Sunday, December 8, 2013


About 180/196 for Commodus (180/192) son of Marcus Aurelius (161/180)
Built in Carrara marble, 29.6 m (97 feet) high. It is 42 m (138 feet) high including the base
 Inside there is a spiral staircase with 190 steps
115 DIFFERENT SCENES one after the other as if in a scroll to celebrate Marcus Aurelius' victories
From the lower part of the column:
172/173 against the GERMANS from scene 1 to 42 in what is now Germany
Against the MARCOMANNI from scene 43 to 55 in what is now the Czech Republic
In the middle there is an "Allegorical representation of Victory" writing on a shield and, in the upper part
174/175 against the QUADI from scene 56 to 77 in what is now Eastern Austria and Slovakia
Against the SARMATI from scene 78 to 115 in what is now Ukraine
Under Commodus there were less skilled Greek workers in Rome than in the past and the jobs to build and decorate official monuments were given to Roman architects and artists who had worked in the past for Greek masters. So that trend toward a disorganized expression typical of the Etruscan, Latin and Italic figurative culture creeps up again, having been tamed and camouflaged up to this point by the classic Greek naturalism
A document of the Christian apologist Apollinaris describes interestingly in the years 176/177 the event occurred in 174 known as the "miracle of the rain" and later represented in the column with the personification of rain as an old bearded man with his arms spread out: following the prayers of the Christian soldiers belonging to the XII Legion Fulminata the rain finally fell and it both gave water to drink to the thirsty Roman legion and flooded with water and hit by lightning the Roman enemy, the Quadi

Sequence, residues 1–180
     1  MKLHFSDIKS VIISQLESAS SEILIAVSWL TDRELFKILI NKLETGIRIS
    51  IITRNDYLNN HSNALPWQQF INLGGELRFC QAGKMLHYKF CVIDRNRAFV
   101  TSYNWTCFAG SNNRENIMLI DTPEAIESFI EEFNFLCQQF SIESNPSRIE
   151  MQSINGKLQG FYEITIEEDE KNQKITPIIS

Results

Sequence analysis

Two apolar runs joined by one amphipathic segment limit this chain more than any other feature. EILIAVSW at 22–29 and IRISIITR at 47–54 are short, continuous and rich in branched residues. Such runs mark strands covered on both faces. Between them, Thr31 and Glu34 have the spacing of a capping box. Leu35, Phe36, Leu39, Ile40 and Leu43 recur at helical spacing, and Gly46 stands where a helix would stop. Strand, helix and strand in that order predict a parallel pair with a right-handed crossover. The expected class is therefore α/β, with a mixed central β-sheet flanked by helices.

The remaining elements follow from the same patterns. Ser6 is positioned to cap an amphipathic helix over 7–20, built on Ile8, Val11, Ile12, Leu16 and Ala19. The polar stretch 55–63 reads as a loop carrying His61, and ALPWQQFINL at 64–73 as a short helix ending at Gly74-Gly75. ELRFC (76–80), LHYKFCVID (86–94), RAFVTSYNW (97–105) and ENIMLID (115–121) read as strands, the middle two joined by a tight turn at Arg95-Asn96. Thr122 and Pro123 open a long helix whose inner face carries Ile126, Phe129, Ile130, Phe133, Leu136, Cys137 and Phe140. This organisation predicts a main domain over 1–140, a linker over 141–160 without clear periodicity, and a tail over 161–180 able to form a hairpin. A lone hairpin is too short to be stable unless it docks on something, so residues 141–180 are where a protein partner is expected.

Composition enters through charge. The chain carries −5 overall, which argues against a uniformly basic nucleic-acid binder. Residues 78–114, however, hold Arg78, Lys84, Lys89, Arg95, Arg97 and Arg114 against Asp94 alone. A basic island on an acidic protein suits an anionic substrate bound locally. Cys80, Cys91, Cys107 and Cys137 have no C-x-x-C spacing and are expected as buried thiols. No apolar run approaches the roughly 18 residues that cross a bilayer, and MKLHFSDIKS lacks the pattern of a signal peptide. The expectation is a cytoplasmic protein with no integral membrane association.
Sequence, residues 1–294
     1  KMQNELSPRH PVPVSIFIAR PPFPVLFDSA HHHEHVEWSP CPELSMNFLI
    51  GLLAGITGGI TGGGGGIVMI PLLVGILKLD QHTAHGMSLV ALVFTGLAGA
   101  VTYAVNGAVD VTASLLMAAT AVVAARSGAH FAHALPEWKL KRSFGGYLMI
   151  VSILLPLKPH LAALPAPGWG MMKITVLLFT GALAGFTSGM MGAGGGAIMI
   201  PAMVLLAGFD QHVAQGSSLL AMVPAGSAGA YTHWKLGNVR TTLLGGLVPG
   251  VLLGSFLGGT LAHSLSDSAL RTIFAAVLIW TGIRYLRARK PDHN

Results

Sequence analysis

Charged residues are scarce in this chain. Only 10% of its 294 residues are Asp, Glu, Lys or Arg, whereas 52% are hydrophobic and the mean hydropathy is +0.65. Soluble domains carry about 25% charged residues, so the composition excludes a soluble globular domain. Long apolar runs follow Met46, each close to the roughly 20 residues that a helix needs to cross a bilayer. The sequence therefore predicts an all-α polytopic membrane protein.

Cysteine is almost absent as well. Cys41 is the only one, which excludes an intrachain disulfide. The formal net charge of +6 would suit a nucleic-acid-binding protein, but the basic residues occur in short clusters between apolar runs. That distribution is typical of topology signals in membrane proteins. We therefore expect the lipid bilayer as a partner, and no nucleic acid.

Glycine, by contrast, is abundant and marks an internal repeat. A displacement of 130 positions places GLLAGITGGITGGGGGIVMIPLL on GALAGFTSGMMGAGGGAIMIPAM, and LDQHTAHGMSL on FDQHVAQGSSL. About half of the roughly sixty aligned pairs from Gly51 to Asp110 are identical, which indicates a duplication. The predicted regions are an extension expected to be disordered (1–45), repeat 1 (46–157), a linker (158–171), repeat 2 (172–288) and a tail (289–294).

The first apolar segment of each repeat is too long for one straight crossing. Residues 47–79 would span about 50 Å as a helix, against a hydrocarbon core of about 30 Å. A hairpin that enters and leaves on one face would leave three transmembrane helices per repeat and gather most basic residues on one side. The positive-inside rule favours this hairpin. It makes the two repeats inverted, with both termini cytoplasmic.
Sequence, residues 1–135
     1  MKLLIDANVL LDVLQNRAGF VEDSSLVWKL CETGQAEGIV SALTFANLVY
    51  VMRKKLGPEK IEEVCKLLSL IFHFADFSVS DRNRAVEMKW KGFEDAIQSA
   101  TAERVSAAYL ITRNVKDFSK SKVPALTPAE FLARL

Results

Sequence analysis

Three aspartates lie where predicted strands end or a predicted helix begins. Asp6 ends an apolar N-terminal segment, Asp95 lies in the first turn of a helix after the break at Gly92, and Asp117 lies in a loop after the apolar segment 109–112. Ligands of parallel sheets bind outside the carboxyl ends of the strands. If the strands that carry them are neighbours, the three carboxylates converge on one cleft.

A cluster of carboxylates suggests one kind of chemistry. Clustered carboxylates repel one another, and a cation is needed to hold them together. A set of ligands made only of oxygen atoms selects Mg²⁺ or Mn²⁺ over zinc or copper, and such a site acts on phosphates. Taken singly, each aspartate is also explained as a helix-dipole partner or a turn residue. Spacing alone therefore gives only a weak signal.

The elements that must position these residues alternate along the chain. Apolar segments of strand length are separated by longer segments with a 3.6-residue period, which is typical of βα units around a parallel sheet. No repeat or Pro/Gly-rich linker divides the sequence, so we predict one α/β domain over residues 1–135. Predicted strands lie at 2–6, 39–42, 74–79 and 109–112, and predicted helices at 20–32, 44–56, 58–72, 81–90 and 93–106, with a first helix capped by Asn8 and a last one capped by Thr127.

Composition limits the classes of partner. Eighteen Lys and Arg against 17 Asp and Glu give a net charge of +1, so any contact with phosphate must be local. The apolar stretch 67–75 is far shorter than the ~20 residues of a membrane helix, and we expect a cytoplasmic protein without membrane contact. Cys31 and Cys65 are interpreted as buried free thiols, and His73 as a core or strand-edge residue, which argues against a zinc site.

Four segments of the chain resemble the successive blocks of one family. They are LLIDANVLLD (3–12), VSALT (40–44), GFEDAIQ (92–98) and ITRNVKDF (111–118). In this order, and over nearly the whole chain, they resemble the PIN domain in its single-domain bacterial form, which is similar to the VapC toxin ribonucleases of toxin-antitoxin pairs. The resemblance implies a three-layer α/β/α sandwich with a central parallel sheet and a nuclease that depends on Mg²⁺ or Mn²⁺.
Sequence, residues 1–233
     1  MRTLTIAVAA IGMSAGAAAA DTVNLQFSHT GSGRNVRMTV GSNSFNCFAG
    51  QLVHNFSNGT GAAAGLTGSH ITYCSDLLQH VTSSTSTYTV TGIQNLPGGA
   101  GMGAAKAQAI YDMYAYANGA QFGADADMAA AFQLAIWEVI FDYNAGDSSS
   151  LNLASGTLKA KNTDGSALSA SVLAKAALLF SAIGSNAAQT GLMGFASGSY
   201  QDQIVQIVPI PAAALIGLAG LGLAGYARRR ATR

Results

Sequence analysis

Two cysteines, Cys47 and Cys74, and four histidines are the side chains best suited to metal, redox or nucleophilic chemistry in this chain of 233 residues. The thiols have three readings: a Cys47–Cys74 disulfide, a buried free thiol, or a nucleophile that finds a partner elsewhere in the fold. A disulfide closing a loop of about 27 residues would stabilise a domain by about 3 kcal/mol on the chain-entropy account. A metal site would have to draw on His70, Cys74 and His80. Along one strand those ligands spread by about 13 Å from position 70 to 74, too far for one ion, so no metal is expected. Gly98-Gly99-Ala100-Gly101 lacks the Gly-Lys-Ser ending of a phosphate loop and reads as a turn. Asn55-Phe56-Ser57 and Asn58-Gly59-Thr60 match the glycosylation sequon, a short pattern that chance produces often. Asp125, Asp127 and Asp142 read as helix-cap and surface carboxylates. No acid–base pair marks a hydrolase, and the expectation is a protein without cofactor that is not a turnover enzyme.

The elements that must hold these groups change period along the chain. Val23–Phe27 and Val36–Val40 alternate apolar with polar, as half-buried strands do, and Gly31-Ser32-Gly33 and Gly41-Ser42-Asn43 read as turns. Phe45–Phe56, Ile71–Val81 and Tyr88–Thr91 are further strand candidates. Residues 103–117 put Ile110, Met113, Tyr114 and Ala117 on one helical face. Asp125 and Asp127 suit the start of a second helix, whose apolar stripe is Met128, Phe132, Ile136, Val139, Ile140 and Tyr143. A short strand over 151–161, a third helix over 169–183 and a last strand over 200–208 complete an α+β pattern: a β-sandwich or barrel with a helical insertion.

"Stylistically the relief loses its qualities of a refined composition, of complex levels and backgrounds which in the Column of Trajan were an obvious legacy of the Hellenistic tradition. There is a tendency toward simplification and schematization. The drill digs deeply into the more substantial and detached marble figures, animating surfaces with violent luminosity contrasts: it is a kind of sculpture that could be described as expressionistic and it already anticipate the violently dramatic style which will be widely common in the III century" (Filippo Coarelli)
Domenico Fontana (1543/1607) in the years 1588/89 for Sixtus V Peretti (1585/90) designed the base and placed the "Statue of St. Paul" by Leonardo Sormani (before 1530/after 1589) and Tommaso Della Porta (about 1550/1606)
Some of the marble relief in the middle and the upper part were restored and remade by Matteo Bartolani da Città di Castello (c.1527/c.1598) and Giacomo Longhi Silla (active since 1568/d. 1619)
Probably in the area where Palazzo Wedekind is now there used to be the TEMPLE OF MARCUS AURELIUS and maybe nearby one ARCH OF MARCUS AURELIUS from which possibly came the reliefs in the Arch of Constantine

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